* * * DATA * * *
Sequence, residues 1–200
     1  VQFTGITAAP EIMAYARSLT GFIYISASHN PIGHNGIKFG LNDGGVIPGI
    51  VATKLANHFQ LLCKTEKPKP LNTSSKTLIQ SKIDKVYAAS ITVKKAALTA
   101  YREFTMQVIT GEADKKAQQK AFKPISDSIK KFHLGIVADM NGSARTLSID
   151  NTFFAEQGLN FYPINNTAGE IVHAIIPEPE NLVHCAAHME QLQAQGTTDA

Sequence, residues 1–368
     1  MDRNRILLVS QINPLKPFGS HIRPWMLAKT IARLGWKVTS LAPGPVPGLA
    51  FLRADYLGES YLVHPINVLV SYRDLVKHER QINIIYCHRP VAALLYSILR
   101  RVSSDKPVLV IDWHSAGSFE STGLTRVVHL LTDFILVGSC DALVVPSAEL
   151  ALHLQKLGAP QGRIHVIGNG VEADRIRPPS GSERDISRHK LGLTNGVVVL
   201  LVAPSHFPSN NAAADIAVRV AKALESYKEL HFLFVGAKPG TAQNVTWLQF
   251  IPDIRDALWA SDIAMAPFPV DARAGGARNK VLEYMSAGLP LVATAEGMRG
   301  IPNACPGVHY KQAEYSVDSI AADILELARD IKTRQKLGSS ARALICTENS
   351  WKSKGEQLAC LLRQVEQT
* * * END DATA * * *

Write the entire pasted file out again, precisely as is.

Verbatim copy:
Sequence, residues 1–200
     1  VQFTGITAAP EIMAYARSLT GFIYISASHN PIGHNGIKFG LNDGGVIPGI
    51  VATKLANHFQ LLCKTEKPKP LNTSSKTLIQ SKIDKVYAAS ITVKKAALTA
   101  YREFTMQVIT GEADKKAQQK AFKPISDSIK KFHLGIVADM NGSARTLSID
   151  NTFFAEQGLN FYPINNTAGE IVHAIIPEPE NLVHCAAHME QLQAQGTTDA

Sequence, residues 1–368
     1  MDRNRILLVS QINPLKPFGS HIRPWMLAKT IARLGWKVTS LAPGPVPGLA
    51  FLRADYLGES YLVHPINVLV SYRDLVKHER QINIIYCHRP VAALLYSILR
   101  RVSSDKPVLV IDWHSAGSFE STGLTRVVHL LTDFILVGSC DALVVPSAEL
   151  ALHLQKLGAP QGRIHVIGNG VEADRIRPPS GSERDISRHK LGLTNGVVVL
   201  LVAPSHFPSN NAAADIAVRV AKALESYKEL HFLFVGAKPG TAQNVTWLQF
   251  IPDIRDALWA SDIAMAPFPV DARAGGARNK VLEYMSAGLP LVATAEGMRG
   301  IPNACPGVHY KQAEYSVDSI AADILELARD IKTRQKLGSS ARALICTENS
   351  WKSKGEQLAC LLRQVEQT